The Road To Victory Hunters win at the polls through a combination of several ingredients. The most important is money, agree Recce and Sexton. It takes a large war chest to fund advertisements in newspapers and on television, two of the most important media for getting a message out. That money, however, has to come from the grassroots level, although many national groups do contribute as much as they can.

Smith says his group received money from 14,000 different donors, 65 percent from within the state. The NRA also contributed through the Ballot Issues Coalition, a compendium of national conservation and shooting groups bonded to defeat these threats to our hunting heritage. Ohio dove hunters not only rallied their own troops, they had the financial and moral support of sportsmen from numerous other states. Fresh from their own victory over a ballot initiative to ban certain types of bear hunting in their state, the Michigan Bear Hunters Association kicked in $10,000 to help defeat the campaign to ban dove hunting. At the peak of the fundraising effort, sportsmen were hand-delivering paper bags with large sums of cash and checks to USSA`s home office, recalls Sexton.

"Sportsmen won through a campaign that exposed the underlying motives of these groups."

"We were really humming along. This was one of the best-run campaigns I`ve ever seen," says Sexton. "We had over 300,000 contributions from individuals and all kinds of support from various sportsmen`s groups. We held raffles, and there were fundraising banquets all over the state. One banquet was attended by 1,500 people. We even got a lot of support from Ohio`s Amish community. It was really impressive."

He figured pro-hunting groups needed to raise $2.3 million to successfully defeat the ballot initiative; they raised $2.6 million. The money was doled out in such a way that it affected the largest number of voters who generally didn`t know the first thing about hunting, the anti-hunting movement or the ultimate goal of such groups as People for the Ethical Treatment of Animals (peta), HSUS and Fund For Animals. Sportsmen won through a campaign that exposed the underlying motives of these groups.

"Doves don`t eat people and they don`t spread disease. We didn`t focus so much on defending dove hunting as much as we shed light on what these groups think about farming, medical research and how all these issues were connected," Sexton said.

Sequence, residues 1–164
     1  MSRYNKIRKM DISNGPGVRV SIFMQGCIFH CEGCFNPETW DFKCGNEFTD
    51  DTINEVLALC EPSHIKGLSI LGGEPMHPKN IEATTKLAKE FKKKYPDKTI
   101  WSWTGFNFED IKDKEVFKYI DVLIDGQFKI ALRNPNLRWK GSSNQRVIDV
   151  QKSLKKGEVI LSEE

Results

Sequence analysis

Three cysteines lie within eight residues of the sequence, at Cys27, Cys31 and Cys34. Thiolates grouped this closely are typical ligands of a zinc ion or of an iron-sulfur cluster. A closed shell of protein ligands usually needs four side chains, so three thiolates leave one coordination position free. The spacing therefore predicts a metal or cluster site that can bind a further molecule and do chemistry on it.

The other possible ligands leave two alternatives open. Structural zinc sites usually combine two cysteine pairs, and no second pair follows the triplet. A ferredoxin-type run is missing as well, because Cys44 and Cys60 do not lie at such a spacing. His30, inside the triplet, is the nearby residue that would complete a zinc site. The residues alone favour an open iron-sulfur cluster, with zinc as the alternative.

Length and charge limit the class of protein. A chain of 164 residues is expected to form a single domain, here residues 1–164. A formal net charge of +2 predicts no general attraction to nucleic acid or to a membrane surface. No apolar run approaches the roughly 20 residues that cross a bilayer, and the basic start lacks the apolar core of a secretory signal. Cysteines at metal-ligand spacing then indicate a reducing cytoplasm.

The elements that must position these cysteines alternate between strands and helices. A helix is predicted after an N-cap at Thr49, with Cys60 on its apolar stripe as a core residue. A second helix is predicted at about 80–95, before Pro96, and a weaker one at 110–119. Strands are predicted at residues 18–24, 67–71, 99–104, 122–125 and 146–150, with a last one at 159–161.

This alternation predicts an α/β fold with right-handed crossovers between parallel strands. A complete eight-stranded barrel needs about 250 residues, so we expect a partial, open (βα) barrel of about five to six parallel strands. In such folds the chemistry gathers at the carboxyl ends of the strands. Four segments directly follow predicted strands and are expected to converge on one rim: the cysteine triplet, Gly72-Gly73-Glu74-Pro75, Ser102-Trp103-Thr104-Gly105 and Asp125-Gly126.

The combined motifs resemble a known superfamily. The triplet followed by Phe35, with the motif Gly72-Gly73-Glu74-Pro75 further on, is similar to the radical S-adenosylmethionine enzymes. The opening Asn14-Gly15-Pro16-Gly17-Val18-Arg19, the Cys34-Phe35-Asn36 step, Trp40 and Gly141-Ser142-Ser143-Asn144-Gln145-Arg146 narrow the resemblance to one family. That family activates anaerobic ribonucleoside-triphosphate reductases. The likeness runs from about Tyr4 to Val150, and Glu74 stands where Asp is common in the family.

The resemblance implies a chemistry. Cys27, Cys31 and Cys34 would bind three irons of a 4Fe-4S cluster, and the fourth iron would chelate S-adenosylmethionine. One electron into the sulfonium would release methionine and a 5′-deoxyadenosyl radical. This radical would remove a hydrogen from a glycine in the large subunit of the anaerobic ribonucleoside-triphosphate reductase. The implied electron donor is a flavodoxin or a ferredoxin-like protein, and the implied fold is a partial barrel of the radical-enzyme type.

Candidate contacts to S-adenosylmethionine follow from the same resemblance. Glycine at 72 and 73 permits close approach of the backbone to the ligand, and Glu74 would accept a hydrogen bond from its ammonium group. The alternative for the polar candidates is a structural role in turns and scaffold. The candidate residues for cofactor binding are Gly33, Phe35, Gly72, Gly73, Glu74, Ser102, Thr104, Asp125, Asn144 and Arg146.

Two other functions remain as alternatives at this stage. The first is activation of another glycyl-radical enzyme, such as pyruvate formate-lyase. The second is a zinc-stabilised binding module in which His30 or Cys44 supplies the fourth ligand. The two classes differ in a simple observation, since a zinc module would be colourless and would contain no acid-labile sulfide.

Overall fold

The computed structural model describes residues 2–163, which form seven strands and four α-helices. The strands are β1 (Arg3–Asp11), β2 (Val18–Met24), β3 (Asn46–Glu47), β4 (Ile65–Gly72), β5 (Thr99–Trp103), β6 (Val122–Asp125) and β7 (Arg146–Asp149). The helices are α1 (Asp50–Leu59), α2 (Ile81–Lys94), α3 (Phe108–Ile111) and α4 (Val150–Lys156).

The television ads in Ohio`s dove hunting campaign targeted major cities and the surrounding suburbs--the very places where most voters live and, by far, where the highest percentage of people unfamiliar with the anti-hunting movement live. Sportsman`s Alliance of Maine followed a similar path to defeat the bear hunting ban. The entire $1.5 million raised was put into television ads that appealed to voters on a common-sense level. The commercials offered some insight into the effect of bear hunting on the state`s economy--$30 million and rising--but they also used professionals intimately familiar with Maine`s bears.

"Many of our ads featured the state`s top bear biologist who explained in very specific terms why bear hunting was an essential management tool. Fortunately, our governor was opposed to the ballot measure, and he made sure our wildlife department was directly involved in the campaign to defeat it," says Smith. "We also had very wide-spread support from all types of sportsmen`s groups, even fishing organizations. Everyone involved saw it as a threat not just to our bear hunting heritage, but to hunting and fishing in general."

In the weeks leading up to the election, NRA sent notices to members about the bear issue, urging them to vote. Although bear hunters--and all Maine sportsmen--won by a 3 percent margin, Smith says they got trounced in the suburban and urban regions, a strong indication of how rural hunters heeded the call of the NRA and other groups to go to the polls.

Smith adds that the ballot initiative in Maine not only served as a wake-up call to all hunters and anglers, it helped unify individual groups and the state`s sportsmen as a whole. That broad-based support was vital for a win and it will be required wherever the next attempt to outlaw hunting by popular vote takes place. It could be your state.